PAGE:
AS THE silly season gets under way and folks are enjoying their holidays, finding a clean and uncrowded wave at the moment is like finding a discarded winning Lotto ticket. It could happen, but the chances are slim.
The reality is there are plenty of folks both local and visiting who want to score some waves, and who could blame them.
So if crowds aren't your thing then it may be time to get those household chores done that we've been putting off all year.
However, if crowds don't bother you, then get amongst it, as we've had plenty of waves to go around.
As predicted, though gnarly and destructive in the Pacific, Cyclone Evan didn't really eventuate into anything more significant than a basic surface low by the time it reached the Tasman.
We still scored a week of E swell pulses from it around 1-2m, so we've been spoilt.
On Wednesday a low crossed the coast bringing W/SW winds and a change in swell direction to the SE although no more size.
This SE swell has been sitting around the 1-1.5m mark the rest of the week.
But it's the weekend and New Year holiday that we need to look into.
The bureau tells us we can expect E/SE winds in the 10-20 knot range, although I'd bank on winds being light early in the mornings. The swell should hold from the E/SE at 1-1.5m. So all in all not too flash, but waves none the less.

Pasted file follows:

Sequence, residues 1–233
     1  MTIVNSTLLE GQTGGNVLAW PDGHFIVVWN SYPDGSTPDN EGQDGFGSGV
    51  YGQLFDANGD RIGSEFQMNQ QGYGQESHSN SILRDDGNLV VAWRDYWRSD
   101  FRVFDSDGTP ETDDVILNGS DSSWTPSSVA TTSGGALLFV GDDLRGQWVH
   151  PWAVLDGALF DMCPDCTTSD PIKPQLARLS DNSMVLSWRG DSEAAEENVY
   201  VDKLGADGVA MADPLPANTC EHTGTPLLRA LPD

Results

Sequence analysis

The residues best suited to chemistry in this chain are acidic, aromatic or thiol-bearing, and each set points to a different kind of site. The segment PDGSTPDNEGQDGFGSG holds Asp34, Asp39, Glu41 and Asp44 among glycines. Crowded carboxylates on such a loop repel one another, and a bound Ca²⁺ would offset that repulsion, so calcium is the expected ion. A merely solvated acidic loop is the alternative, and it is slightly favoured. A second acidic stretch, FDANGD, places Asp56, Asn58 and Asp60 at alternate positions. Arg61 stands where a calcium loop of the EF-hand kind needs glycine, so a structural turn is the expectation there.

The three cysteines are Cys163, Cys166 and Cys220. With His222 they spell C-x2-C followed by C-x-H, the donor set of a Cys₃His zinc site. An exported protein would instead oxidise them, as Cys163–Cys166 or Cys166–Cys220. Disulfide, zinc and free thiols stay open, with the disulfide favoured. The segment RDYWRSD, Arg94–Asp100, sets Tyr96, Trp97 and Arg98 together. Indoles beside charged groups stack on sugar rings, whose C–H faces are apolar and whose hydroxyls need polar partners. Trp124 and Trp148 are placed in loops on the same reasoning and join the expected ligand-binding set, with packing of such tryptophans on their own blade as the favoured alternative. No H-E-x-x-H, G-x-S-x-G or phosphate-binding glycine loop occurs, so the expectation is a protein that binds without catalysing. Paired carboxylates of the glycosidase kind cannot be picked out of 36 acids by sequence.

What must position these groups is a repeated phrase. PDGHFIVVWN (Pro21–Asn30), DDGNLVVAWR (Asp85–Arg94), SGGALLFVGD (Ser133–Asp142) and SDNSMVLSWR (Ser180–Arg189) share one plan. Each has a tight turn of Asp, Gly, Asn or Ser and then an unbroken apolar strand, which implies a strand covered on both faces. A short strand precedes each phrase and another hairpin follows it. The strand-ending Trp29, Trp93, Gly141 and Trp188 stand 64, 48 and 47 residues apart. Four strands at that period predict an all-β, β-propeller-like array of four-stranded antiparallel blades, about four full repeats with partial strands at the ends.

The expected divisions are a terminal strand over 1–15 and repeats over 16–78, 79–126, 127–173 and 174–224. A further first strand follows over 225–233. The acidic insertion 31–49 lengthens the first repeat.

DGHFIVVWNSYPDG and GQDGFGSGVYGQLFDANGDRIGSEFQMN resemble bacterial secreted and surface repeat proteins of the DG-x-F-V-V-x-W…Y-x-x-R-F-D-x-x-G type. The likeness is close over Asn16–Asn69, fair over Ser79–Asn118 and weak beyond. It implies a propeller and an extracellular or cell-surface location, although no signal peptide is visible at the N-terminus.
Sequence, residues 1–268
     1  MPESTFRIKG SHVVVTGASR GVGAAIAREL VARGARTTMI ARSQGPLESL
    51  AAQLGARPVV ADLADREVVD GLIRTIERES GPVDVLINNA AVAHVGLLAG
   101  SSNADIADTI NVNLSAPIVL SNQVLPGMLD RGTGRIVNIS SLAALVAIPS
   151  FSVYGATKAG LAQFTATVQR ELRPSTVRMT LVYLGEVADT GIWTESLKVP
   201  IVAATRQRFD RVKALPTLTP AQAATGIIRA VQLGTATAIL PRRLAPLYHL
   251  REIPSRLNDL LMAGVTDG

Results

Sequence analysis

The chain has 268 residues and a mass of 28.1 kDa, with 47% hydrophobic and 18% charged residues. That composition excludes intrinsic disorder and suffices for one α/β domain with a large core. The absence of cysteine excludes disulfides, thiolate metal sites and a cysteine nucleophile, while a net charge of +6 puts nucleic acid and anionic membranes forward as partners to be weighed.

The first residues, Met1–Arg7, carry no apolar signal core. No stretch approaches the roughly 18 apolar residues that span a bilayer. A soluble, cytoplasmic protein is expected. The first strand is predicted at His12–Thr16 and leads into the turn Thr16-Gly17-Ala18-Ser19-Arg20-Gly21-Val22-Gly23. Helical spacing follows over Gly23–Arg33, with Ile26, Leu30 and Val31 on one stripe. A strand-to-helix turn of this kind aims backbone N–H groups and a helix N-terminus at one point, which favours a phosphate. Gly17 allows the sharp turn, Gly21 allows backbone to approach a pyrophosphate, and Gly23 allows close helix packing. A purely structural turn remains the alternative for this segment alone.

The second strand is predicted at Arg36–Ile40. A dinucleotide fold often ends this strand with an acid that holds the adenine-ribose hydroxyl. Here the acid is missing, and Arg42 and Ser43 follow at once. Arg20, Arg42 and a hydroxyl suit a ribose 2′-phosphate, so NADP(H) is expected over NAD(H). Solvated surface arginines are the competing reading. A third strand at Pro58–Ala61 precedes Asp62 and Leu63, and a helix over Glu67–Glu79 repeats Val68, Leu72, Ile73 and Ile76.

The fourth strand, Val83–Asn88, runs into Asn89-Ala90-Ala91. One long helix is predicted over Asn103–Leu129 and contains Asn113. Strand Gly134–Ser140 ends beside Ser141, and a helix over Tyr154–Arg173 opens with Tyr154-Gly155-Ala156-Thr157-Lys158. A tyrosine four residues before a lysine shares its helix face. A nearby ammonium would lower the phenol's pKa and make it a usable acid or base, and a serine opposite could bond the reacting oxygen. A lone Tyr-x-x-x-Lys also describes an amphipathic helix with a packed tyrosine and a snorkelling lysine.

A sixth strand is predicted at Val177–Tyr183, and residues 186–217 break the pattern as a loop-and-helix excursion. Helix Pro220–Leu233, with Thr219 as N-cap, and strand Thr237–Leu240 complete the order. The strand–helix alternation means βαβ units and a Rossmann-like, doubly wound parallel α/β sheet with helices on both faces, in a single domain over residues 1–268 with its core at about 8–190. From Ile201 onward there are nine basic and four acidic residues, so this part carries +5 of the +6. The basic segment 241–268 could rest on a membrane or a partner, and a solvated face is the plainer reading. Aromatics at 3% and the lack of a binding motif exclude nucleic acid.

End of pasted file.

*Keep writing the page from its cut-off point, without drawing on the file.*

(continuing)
Be aware folks, there is a joker in the pack.
There is a massive low deep in the Bight. This most likely will be blocked by a high in the southern Tasman.
But it could also be held long enough by that high in our swell window to produce a long SE fetch and the possibility of a solid SE swell arriving on our open beaches around New Year's Eve or New Year's Day.
This means that on the more open beaches there is a risk of a sudden increase in long-period SE swell.
If you're planning to party on New Year's Eve and recover on one of our quieter south-facing open beaches, the conditions could turn from benevolent to gnarly and dangerous with very little warning.
This is not a given, but something to be aware of.
It's especially a good idea to stay out of the water if you've been drinking. Our lifesavers and rescue crew already have enough to do.
Have fun, wait your turn, and surf today like you want to again tomorrow.
Ben 'Bear' Bennink is a former professional longboarder and retired NSSIA master coach. He writes for Pacific Longboarder Magazine and is semi-retired in Byron Bay where he is editor of inbyronbaytoday.com.
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